Botany, Name Origin of Harry Lauder's Walking Stick
Plant taxonomy classifies Harry Lauder's walking stick as Corylus avellana 'Contorta.' The latter is the cultivar name. The species plant is native to Europe. C. avellana is in the birch family, making it a relative of birch trees.
Technically, Harry Lauder's walking stick may be classified as a deciduous flowering shrub, produced by grafting. But because the rootstock in the graft provides a 4-foot-high trunk, this multi-stemmed bush is commonly referred to as a dwarf tree.
According to Adele Kleine of "Flower and Garden Magazine," the shrub's "appealing common name derives from the old Scottish comedian Harry Lauder who performed using a crooked branch as a cane."
Traits of Harry Lauder's Walking Stick
This shrub reaches approximately 10 feet tall, but it is slow to reach its mature height. Its spread can be as much as half again its height. The showy flowers of Harry Lauder's walking stick are yellowish-brown male "catkins," a term that you are probably more used to hearing in association with pussy willows. The plant is monoecious; the female blooms are not showy. The blooms appear in early to middle spring. However, this shrub is not grown primarily for its blooms but for its unusual branching pattern, which is indicated by its other common names: corkscrew filbert and contorted hazelnut. For its branches contort themselves in every which way, resembling corkscrews.
The catkins are small and drab in winter, but, in spring, they will lengthen (to 2 or 3 inches long) and take on a yellow color. Winter and spring are the best seasons for this shrub. The leaves of summer follow the branches' lead and curl up.
While it is unusual for healthy leaves to curl up, this foliage is not really very pretty. In fact, many gardeners feel that it serves only to hide the much more interesting branching pattern. This plant offers no fall-foliage color of note.
Sun and Soil Needs, Planting Zones, Care
Grow Harry Lauder's walking stick in well-drained soil, in full sun to part shade. Its water needs are average.
The climate is most favorable for growing Harry Lauder's walking stick in USDA planting zones 4 to 8.
Being a grafted shrub, Harry Lauder's walking stick does require some special care. The rootstock is Corylus colurna (the Turkish filbert). As often happens with grafted plants, there is a tendency for suckers to shoot up from the rootstock. You must prune off these suckers so that they do not take over. If the suckers were to be allowed to take over, the plant would eventually revert to the qualities of its rootstock, meaning that you would lose the much-valued curlicue look for which you bought the plant. In a worst case scenario, the shrub may even spread by suckering, creating numerous unattractive plants that you would then have to take the trouble to remove.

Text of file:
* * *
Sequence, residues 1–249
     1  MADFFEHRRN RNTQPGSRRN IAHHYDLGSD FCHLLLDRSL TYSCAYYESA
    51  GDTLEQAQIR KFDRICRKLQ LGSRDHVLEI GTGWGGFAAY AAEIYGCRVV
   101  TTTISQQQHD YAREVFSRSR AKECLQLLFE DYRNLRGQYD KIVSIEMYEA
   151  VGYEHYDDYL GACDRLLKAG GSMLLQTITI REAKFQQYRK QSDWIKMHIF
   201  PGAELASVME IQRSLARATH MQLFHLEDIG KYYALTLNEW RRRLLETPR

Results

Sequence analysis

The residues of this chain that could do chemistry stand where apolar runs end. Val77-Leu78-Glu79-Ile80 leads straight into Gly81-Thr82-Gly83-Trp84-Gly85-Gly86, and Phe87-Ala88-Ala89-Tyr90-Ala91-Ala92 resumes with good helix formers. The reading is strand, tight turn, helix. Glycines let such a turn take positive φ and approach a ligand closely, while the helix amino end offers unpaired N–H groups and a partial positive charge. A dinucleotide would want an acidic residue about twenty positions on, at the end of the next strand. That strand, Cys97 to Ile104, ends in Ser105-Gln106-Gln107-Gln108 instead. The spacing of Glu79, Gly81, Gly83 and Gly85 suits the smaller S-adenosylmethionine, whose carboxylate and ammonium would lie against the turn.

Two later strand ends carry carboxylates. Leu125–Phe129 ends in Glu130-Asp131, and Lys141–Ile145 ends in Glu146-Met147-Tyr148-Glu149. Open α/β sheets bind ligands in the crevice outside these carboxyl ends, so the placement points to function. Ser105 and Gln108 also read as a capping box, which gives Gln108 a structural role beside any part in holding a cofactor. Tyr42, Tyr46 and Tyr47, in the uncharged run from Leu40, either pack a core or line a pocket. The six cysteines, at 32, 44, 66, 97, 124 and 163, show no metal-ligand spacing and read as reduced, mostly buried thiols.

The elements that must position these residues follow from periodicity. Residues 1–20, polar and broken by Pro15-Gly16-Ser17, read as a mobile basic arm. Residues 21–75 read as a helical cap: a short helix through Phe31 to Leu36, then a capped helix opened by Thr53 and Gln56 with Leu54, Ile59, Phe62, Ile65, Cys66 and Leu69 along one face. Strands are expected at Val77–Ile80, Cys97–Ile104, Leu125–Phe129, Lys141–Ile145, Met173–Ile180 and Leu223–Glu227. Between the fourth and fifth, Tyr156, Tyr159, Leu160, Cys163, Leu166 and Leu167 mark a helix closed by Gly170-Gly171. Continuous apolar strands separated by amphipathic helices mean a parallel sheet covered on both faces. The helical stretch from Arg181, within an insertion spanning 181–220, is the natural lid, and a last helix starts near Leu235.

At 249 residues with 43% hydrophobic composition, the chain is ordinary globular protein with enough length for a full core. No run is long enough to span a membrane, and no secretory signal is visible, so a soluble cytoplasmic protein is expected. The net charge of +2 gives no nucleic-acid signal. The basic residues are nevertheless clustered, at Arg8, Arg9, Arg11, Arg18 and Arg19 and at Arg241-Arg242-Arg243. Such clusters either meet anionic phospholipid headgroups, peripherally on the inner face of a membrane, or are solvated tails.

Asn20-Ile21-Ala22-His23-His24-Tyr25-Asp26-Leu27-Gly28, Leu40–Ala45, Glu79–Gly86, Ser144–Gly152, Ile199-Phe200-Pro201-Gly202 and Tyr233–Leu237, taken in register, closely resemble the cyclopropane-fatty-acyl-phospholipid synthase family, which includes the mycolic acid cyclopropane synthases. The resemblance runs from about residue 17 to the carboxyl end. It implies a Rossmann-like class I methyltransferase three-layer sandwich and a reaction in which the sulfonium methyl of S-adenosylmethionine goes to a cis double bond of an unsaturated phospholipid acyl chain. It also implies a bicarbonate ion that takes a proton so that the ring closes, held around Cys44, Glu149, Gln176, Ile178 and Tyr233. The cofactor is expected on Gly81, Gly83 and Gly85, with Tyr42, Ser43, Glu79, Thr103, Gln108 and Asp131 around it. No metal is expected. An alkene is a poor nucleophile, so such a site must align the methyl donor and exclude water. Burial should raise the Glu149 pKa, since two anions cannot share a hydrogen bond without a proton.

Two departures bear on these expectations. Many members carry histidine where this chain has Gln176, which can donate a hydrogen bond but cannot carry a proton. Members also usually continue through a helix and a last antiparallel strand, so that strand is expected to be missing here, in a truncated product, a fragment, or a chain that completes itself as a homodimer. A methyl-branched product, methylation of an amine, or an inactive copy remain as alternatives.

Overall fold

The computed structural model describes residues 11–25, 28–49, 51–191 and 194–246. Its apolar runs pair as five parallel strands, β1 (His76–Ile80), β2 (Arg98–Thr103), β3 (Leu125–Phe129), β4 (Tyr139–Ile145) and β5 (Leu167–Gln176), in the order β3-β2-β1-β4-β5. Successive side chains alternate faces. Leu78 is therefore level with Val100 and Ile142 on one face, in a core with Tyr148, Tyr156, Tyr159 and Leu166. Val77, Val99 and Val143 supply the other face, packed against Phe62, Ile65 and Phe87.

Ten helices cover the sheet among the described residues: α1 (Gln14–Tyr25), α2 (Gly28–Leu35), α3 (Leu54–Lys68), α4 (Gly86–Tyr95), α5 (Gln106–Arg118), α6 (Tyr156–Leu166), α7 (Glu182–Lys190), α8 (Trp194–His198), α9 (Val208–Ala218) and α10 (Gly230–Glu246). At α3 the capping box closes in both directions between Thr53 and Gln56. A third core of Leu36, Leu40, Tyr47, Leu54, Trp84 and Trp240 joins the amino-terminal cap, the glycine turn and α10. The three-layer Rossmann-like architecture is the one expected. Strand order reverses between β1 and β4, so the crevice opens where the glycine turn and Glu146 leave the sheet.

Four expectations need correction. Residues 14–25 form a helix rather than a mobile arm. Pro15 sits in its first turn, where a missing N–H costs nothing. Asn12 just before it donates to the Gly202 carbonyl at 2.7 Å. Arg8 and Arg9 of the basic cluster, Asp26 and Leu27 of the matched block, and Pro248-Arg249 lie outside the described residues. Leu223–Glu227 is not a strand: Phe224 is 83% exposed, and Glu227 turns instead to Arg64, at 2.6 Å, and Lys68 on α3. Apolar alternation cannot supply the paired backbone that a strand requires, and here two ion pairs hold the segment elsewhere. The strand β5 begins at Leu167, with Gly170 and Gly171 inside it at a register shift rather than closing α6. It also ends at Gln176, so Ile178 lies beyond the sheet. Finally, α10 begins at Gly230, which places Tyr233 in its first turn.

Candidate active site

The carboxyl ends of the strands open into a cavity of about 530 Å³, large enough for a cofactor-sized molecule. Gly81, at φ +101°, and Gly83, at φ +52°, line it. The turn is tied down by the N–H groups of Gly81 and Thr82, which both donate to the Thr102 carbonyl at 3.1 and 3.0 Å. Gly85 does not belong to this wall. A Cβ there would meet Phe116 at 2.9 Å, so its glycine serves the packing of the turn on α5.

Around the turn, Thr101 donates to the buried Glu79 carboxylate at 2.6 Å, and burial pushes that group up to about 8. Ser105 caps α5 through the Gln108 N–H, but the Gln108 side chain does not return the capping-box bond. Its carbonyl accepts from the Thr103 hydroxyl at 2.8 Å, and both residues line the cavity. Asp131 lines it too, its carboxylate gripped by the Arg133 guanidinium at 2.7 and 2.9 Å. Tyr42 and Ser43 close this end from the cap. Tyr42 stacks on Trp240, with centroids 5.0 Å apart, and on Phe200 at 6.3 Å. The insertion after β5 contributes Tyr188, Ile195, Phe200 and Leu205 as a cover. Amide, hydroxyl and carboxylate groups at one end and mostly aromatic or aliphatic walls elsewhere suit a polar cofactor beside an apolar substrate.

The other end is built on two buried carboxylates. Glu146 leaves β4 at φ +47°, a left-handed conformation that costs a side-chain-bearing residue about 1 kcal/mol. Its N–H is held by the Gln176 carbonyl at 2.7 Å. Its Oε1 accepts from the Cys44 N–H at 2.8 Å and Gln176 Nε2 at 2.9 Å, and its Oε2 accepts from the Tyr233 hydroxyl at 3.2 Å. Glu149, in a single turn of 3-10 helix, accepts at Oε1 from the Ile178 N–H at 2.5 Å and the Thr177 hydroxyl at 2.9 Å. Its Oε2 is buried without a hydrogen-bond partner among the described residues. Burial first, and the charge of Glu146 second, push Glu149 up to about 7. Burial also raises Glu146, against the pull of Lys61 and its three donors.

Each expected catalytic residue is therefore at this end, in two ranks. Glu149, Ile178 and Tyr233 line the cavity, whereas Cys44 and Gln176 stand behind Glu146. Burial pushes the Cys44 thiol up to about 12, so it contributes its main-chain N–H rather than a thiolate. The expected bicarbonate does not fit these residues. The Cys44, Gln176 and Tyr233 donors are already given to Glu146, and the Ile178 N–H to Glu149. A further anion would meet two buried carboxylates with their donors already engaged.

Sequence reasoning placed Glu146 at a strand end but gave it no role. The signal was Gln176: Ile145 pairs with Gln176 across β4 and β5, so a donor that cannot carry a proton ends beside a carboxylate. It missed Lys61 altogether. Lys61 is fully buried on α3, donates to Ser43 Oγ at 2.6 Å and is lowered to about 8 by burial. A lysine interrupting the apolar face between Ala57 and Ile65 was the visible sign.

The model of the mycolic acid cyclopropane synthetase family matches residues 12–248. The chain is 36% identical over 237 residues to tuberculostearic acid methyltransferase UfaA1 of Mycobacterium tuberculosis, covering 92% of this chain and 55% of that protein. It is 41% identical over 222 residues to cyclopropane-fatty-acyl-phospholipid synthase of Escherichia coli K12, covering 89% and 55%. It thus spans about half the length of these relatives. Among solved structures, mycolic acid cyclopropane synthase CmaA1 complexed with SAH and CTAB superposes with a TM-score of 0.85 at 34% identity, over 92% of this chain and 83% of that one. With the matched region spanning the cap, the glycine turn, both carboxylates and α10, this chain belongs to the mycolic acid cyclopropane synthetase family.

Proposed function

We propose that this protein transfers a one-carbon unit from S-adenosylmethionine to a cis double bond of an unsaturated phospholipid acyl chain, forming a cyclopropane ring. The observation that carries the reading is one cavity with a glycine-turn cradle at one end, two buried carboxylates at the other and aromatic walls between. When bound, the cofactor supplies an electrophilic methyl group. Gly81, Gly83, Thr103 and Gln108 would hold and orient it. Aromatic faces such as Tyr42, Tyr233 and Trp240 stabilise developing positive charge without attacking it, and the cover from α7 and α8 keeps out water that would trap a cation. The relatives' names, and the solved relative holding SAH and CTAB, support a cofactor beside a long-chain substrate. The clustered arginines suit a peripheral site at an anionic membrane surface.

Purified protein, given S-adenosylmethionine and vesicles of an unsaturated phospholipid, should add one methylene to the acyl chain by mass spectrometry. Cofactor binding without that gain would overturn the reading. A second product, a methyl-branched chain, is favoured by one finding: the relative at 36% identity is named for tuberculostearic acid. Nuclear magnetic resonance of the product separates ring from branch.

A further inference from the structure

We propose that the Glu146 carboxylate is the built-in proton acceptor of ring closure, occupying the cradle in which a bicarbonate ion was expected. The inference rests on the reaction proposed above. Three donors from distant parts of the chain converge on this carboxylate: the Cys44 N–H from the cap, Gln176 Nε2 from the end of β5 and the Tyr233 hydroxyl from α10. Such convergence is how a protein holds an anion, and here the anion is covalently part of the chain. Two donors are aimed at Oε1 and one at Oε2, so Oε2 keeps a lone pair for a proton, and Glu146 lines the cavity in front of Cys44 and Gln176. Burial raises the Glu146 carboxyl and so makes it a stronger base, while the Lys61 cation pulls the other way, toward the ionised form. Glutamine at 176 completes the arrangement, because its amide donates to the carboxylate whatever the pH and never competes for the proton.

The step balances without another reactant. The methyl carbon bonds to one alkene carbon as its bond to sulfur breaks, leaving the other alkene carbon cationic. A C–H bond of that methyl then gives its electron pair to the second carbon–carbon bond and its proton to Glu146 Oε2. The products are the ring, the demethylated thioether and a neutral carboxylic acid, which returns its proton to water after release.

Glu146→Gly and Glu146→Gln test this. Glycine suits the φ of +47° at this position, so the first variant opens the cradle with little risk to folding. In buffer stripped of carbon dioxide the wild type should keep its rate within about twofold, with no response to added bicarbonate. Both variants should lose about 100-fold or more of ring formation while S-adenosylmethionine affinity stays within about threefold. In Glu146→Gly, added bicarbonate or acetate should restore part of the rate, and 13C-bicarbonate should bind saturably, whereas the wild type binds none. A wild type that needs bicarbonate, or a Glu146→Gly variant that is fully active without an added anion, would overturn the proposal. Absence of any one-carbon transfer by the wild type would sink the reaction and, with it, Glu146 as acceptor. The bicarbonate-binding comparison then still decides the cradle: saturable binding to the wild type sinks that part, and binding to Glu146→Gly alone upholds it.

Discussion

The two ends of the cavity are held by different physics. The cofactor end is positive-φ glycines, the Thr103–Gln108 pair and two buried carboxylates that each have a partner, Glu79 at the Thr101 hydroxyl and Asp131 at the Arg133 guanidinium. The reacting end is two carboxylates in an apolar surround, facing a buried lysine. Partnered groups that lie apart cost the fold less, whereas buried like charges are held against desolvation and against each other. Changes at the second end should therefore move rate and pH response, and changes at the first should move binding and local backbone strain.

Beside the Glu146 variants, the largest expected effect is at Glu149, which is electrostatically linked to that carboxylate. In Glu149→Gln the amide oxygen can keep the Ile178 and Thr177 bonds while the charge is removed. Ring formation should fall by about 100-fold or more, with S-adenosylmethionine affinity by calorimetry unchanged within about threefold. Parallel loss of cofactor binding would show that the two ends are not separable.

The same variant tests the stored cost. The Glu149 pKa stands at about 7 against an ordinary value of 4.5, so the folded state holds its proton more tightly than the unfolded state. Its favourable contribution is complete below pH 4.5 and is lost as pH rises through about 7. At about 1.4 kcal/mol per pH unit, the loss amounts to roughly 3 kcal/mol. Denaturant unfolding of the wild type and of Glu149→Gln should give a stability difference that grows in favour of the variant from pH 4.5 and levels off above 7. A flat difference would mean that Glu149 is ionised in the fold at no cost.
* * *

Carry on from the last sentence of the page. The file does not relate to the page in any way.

Fertilize this bush with compost. Scale insects and Japanese beetles can attack the plant.
To control the scale, spray with organic Neem oil at the first sign of their presence. Japanese beetles are easily picked off by hand and drowned in a can of soapy water.
Uses in Landscaping, the Nuts, Other Filberts
Harry Lauder's walking stick is a specimen plant. The corkscrew shape of its branches lends much-needed visual interest to the winter landscape. This cultivar rarely produces nuts. If it is nuts that you are looking for, you want the species plant, Corylus avellana, commonly called the European hazelnut tree or European filbert tree. There is also an American version that bears edible nuts: Corylus americana. The American filbert is common in the woods of the northeastern United States; hikers often enjoy the sweet taste of the raw nuts. If you are more interested in ornamental value than in edible nuts, consider growing the following two kinds of filbert:
- C. avellana 'Aurea,' which has golden leaves.
- C. maxima 'Purpurea,' which has purple foliage.
Best Feature, Winter Interest
Harry Lauder's walking stick is a case in which one may rightly claim that a deciduous shrub truly comes into its own only after its leaves have fallen. Not that the shrub is not attractive when fully leafed out. But the eye is especially drawn to the branching pattern of this curious plant in winter when many other deciduous trees and shrubs are little better than sad reminders of the past fall and summer. This shrub also offers visual interest in early spring to mid-spring, when it displays its wonderful catkins.
But its curlicue branches are clearly the best feature of this shrub. In fact, they are so unusual and so striking that it is fair to call Harry Lauder's walking stick one of the best landscaping plants most people don't know about.